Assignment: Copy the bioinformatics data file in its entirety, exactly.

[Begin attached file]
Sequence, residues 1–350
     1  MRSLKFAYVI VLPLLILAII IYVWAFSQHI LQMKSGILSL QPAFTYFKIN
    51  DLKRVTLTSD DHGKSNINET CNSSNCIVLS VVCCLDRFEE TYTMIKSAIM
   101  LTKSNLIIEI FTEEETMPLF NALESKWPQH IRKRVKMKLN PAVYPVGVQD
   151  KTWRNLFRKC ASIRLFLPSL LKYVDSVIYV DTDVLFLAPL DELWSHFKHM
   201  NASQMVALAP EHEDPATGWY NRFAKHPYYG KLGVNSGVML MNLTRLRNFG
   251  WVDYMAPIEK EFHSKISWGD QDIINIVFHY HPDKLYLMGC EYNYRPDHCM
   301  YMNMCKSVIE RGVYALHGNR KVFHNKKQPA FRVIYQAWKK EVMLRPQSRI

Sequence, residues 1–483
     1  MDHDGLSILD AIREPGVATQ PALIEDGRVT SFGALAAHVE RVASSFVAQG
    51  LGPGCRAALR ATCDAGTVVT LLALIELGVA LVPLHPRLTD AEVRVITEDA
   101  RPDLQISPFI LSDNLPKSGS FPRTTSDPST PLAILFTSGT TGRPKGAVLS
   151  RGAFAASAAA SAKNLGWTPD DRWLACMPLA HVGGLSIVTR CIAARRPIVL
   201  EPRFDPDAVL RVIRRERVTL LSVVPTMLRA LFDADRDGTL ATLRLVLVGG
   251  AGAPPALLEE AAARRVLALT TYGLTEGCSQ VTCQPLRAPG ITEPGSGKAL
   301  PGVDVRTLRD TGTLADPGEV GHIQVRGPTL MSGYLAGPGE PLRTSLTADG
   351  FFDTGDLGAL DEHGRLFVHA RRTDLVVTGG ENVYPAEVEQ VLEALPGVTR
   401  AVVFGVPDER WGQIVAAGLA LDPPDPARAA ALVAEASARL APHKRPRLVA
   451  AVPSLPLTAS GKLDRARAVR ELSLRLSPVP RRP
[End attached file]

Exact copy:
Sequence, residues 1–350
     1  MRSLKFAYVI VLPLLILAII IYVWAFSQHI LQMKSGILSL QPAFTYFKIN
    51  DLKRVTLTSD DHGKSNINET CNSSNCIVLS VVCCLDRFEE TYTMIKSAIM
   101  LTKSNLIIEI FTEEETMPLF NALESKWPQH IRKRVKMKLN PAVYPVGVQD
   151  KTWRNLFRKC ASIRLFLPSL LKYVDSVIYV DTDVLFLAPL DELWSHFKHM
   201  NASQMVALAP EHEDPATGWY NRFAKHPYYG KLGVNSGVML MNLTRLRNFG
   251  WVDYMAPIEK EFHSKISWGD QDIINIVFHY HPDKLYLMGC EYNYRPDHCM
   301  YMNMCKSVIE RGVYALHGNR KVFHNKKQPA FRVIYQAWKK EVMLRPQSRI

Sequence, residues 1–483
     1  MDHDGLSILD AIREPGVATQ PALIEDGRVT SFGALAAHVE RVASSFVAQG
    51  LGPGCRAALR ATCDAGTVVT LLALIELGVA LVPLHPRLTD AEVRVITEDA
   101  RPDLQISPFI LSDNLPKSGS FPRTTSDPST PLAILFTSGT TGRPKGAVLS
   151  RGAFAASAAA SAKNLGWTPD DRWLACMPLA HVGGLSIVTR CIAARRPIVL
   201  EPRFDPDAVL RVIRRERVTL LSVVPTMLRA LFDADRDGTL ATLRLVLVGG
   251  AGAPPALLEE AAARRVLALT TYGLTEGCSQ VTCQPLRAPG ITEPGSGKAL
   301  PGVDVRTLRD TGTLADPGEV GHIQVRGPTL MSGYLAGPGE PLRTSLTADG
   351  FFDTGDLGAL DEHGRLFVHA RRTDLVVTGG ENVYPAEVEQ VLEALPGVTR
   401  AVVFGVPDER WGQIVAAGLA LDPPDPARAA ALVAEASARL APHKRPRLVA
   451  AVPSLPLTAS GKLDRARAVR ELSLRLSPVP RRP